In the coming years, astronomers and exoplanet researchers hope to learn more about the planets orbiting nearby red dwarf stars. These efforts are expected to be helped immensely thanks to the deployment of the James Webb Space Telescope, which will be able to conduct more detailed surveys of these star systems using its advanced infrared imaging capabilities.
These studies will allow scientists to place more accurate constraints on exoplanets that orbit red dwarf stars, which will allow for better estimates about their size, mass, and compositions – all of which are crucial to determining potential habitability.
Other panelists that took part in the presentations included Giada Arney and Katherine Garcia-Sage of NASA Goddard Space Flight Center and Stephen Kane of the University of California-Riverside. You can access the press conference materials by going to NASA Goddard Media Studios.
When hunting for potentially habitable exoplanets, one of the most important things astronomers look for is whether or not exoplanet candidates orbit within their star’s habitable zone. This is necessary for liquid water to exist on a planet’s surface, which in turn is a prerequisite for life as we know it. However, in the course of discovering new exoplanets, scientists have become aware of an extreme case known as “water worlds“.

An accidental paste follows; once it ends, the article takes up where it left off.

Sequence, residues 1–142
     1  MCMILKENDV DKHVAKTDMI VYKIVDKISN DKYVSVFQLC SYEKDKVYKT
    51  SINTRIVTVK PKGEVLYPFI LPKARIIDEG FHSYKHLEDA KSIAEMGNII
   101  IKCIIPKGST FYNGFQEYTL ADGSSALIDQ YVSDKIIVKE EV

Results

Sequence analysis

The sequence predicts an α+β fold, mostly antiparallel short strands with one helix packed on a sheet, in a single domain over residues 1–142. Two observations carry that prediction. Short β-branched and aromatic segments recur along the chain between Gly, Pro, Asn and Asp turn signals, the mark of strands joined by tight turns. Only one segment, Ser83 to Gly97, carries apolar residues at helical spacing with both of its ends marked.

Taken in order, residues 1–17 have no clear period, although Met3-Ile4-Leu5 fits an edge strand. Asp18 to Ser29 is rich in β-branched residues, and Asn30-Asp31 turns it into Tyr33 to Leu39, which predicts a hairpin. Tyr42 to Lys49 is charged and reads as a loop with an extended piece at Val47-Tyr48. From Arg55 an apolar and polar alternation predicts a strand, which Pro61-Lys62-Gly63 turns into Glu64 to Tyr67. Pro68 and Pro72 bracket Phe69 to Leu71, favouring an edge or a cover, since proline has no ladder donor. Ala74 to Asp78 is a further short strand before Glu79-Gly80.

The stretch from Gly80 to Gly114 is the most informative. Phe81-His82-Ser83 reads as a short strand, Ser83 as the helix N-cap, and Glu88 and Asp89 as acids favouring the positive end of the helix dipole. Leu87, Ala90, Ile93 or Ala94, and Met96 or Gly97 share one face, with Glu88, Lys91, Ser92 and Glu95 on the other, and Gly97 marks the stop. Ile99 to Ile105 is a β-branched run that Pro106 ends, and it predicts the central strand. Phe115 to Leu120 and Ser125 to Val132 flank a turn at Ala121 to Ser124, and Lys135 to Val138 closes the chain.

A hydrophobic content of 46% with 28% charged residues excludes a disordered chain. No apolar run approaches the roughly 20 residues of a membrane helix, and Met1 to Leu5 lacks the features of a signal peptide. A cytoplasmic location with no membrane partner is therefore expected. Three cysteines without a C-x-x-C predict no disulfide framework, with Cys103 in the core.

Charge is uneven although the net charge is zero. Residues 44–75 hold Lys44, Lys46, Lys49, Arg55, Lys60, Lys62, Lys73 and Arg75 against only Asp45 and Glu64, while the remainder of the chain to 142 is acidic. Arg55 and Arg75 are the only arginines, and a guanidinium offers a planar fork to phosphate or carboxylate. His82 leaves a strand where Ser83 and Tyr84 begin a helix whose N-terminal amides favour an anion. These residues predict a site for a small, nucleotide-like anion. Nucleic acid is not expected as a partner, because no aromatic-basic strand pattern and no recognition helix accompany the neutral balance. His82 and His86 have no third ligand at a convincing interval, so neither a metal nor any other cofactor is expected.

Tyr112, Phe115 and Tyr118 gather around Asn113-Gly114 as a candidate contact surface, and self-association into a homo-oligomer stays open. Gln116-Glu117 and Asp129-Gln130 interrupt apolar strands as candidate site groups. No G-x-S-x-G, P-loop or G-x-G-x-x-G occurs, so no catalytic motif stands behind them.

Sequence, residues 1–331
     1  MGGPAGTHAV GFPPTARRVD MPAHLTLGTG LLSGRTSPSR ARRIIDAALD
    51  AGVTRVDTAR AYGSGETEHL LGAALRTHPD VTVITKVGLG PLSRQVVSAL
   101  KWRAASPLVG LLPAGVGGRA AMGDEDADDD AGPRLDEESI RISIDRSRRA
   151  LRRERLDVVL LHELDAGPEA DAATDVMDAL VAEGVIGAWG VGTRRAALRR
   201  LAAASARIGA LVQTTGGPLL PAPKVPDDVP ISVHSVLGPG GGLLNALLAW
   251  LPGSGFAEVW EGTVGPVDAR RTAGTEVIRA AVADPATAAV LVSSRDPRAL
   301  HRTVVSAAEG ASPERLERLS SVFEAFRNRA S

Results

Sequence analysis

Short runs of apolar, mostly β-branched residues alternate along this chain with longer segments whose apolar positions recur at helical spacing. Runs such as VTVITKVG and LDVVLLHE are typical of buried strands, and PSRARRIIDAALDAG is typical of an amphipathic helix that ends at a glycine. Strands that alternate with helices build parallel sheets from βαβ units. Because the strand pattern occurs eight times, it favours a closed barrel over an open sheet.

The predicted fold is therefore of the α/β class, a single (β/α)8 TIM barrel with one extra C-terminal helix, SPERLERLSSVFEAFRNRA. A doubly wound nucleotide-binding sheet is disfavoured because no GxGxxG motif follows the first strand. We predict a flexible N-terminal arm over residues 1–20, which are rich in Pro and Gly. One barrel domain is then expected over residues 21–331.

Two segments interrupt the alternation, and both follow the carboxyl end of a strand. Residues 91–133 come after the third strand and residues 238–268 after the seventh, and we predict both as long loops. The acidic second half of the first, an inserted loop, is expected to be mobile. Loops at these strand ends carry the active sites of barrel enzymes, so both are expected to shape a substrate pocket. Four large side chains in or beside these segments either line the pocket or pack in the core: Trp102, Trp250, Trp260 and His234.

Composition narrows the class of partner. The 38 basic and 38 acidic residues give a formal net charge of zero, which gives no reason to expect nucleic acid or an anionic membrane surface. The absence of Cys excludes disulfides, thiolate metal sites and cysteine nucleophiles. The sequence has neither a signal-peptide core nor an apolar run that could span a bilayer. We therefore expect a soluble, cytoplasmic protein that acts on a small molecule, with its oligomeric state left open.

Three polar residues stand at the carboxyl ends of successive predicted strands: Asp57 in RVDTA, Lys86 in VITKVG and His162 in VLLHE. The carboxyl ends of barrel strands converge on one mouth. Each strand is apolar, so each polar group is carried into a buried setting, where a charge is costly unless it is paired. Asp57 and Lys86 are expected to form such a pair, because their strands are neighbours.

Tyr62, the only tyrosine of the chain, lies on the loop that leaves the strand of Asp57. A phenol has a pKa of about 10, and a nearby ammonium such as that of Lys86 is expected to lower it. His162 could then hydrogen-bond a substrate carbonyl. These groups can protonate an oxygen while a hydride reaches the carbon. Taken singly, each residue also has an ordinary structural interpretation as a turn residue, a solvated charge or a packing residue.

Water worlds are essentially planets that are up to 50% water in mass, resulting in surface oceans that could be hundreds of kilometers deep. According to a new study by a team of astrophysicists from Princeton, the University of Michigan and Harvard, water worlds may not be able to hang on to their water for very long. These findings could be of immense significance when it comes to the hunt for habitable planets in our neck of the cosmos.
This most recent study, titled “The Dehydration of Water Worlds via Atmospheric Losses“, recently appeared in The Astrophysical Journal Letters. Led by Chuanfei Dong from the Department of Astrophysical Sciences at Princeton University, the team conducted computer simulations that took into account what kind of conditions water worlds would be subject to.
This study was motivated largely by the number of exoplanet discoveries have been made around low-mass, M-type (red dwarf) star systems in recent years. These planets have been found to be comparable in size to Earth – which indicated that they were likely terrestrial (i.e. rocky). In addition, many of these planets – such as Proxima b and three planets within the TRAPPIST-1 system – were found to be orbiting within the stars habitable zones.
However, subsequent studies indicated that Proxima b and other rocky planets orbiting red dwarf stars could in fact be water worlds. This was based on mass estimates obtained by astronomical surveys, and the built-in assumptions that such planets were rocky in nature and did not have massive atmospheres. At the same time, numerous studies have been produced that have cast doubt on whether or not these planets would be able to hold onto their water.
Basically, it all comes down to the type of star and the orbital parameters of the planets. While long-lived, red dwarf stars are known for being variable and unstable compared to our Sun, which results in periodic flares up that would strip a planet’s atmosphere over time. On top of that, planets orbiting within a red dwarf’s habitable zone would likely be tidally-locked, meaning one side of the planet would be constantly exposed to the star’s radiation.